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Hindenburg Research Takes On Adani Group

Nathan Anderson has become known for his stock analysis, which has caused many stocks to drop in value.

January 26, 2023
3 minutes
minute read

Nathan Anderson has become known for his stock analysis, which has caused many stocks to drop in value.

Now the activist short seller behind Hindenburg Research is targeting his biggest game yet - what Hindenburg is calling, with characteristic audacity, "The Largest Con in Corporate History."

The target of his ire is Indian industrialist Gautam Adani, whose net worth is an estimated $113.4 billion, according to the Bloomberg Billionaires Index. This makes him even richer than Bill Gates or Warren Buffett.

Hindenburg Research has released a report detailing what it alleges is a pattern of stock manipulation and accounting fraud by the Adani Group, one of India's largest conglomerates. The report, which is based on a two-year investigation, alleges that the Adani Group has engaged in a range of fraudulent activities dating back decades.

The Adani Group has dismissed a recent report as "maliciously mischievous" and "unresearched." The report has caused Adani's empire to lose $12 billion in market value and has triggered a selloff in dollar bonds.

Hindenburg is hopeful that this is just the beginning. Adani says they are exploring legal action.

This is a remarkable turnaround for Anderson, who first caught Wall Street's attention with his criticisms of electric vehicle makers Nikola Corp. and Lordstown Motors Corp. Little Hindenburg has never taken on a company as large and powerful as Adani Group. (Anderson briefly bet against Twitter Inc. when Elon Musk was buying the company, but then turned bullish on the stock last July.)

The question is whether other investors will heed Hindenburg’s warnings about Adani, whose wealth cuts across India’s economic and political life.

This fight is very one-sided. Gautam Adani has spent four decades building a business empire that includes energy, agribusiness, real estate, and defense. He is considered to have a close relationship with India’s Prime Minister Narendra Modi, and his goals are closely aligned with the government’s priorities. The Hindenburg report came out just as Adani Enterprises was opening a $2.5 billion share sale for investors.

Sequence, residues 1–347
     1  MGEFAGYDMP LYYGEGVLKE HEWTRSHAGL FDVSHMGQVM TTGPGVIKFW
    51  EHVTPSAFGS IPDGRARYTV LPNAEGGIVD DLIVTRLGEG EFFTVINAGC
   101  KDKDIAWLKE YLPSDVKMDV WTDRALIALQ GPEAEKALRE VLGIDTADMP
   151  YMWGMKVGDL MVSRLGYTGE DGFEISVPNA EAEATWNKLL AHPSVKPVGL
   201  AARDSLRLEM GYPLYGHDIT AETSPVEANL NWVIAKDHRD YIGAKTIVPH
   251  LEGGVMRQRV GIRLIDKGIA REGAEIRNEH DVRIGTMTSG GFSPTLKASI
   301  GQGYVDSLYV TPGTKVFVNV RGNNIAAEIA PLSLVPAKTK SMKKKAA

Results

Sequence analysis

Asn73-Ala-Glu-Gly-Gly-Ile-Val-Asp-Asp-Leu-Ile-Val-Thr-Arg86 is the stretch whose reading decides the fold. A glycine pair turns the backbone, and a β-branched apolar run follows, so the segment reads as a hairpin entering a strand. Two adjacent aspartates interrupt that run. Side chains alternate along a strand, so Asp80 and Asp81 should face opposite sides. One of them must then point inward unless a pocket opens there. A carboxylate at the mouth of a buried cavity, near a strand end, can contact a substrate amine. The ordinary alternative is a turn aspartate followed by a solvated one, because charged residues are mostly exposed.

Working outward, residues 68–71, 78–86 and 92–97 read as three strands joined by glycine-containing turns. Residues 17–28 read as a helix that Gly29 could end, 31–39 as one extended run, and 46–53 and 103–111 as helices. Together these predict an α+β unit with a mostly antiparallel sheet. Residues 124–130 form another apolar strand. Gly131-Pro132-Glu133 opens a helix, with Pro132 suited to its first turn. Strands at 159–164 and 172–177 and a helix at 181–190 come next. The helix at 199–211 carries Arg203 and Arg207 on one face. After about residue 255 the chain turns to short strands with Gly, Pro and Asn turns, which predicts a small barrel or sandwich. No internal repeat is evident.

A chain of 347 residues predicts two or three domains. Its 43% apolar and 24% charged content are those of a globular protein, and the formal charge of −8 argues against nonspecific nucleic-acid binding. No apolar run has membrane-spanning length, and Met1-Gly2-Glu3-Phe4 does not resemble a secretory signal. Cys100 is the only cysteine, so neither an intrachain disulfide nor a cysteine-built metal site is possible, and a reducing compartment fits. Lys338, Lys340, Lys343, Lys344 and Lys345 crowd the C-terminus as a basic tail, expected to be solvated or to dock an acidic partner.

Anderson's firm is based in New York and is less than five years old. The firm wagers its own money in the markets and is not a hedge fund with outside investors. Even in Manhattan's financial circles, Anderson is not a big name.

Anderson has managed to make a mark lately with Hindenburg. The company has targeted about 30 companies since 2020, and their stocks have fallen an average of 15% the next day. Six months later, the stocks were down 26%.

Anderson declined to comment on the story. However, Hindenburg is preparing for a detailed response from the Adani Group.

Short sellers have been a controversial presence in the world of stocks for centuries. In the 1600s, the Dutch East India Company became the first company to issue shares, and traders began shorting the company's stock. The Dutch government eventually outlawed the practice. In recent years, US authorities have investigated whether some short sellers have colluded to attack companies. Hindenburg Research has not been accused of any wrongdoing, but some of its peers have been sounding the retreat.

Hindenburg's method is simple. Anderson and his team investigate companies and look for wrongdoing. One well-known example is electric-vehicle maker Nikola, which Hindenburg called an "ocean of lies." Last October, Nikola founder Trevor Milton was found guilty of deceiving investors.

Hindenburg may be the loudest voice in the room, but Anderson himself is much more low-key.

He was raised in a small town in Connecticut and got his business degree from the University of Connecticut.

He has lived in Israel for a time during his college years, working as a paramedic while taking classes at Hebrew University. Later, he worked for a financial analytics company before taking a job checking out potential deals for the investment firms of wealthy families. According to him, his passion is to "find scams."

Early on in his career, Anderson spent hours investigating potential Ponzi schemes. He occasionally teamed up with forensic accountant Harry Markopolos, who famously tried to warn federal authorities about Bernard Madoff. Anderson has called Markopolos a role model.

In 2014, Anderson began filing whistleblower complaints with US authorities in an effort to collect bounties for uncovering fraud.

One of his first big stories was investigating hedge fund Platinum Partners with Markopolos. As a result of their findings, seven executives were charged with fraud.

Hindenburg today employs around 10 people, a mix of former journalists and analysts. Sometimes, hedge funds have joined in on its trades.

Even if Adani manages to overcome Hindenburg, Anderson still has a lot of work to do. The odds are in Adani's favor, but Anderson will need to continue to work hard to achieve success.

"There's still plenty of fraud out there," Anderson told the New York Times last October. "If there's ever a time that I feel that most of the corporate fraud in America has been eliminated, then I'll probably announce that I'll go grow tomatoes, or something."
Adan Harris
Managing Editor
Eric Ng
John Liu
Editorial Board
Bryan Curtis
Adan Harris
Managing Editor
Cathy Hills
Associate Editor

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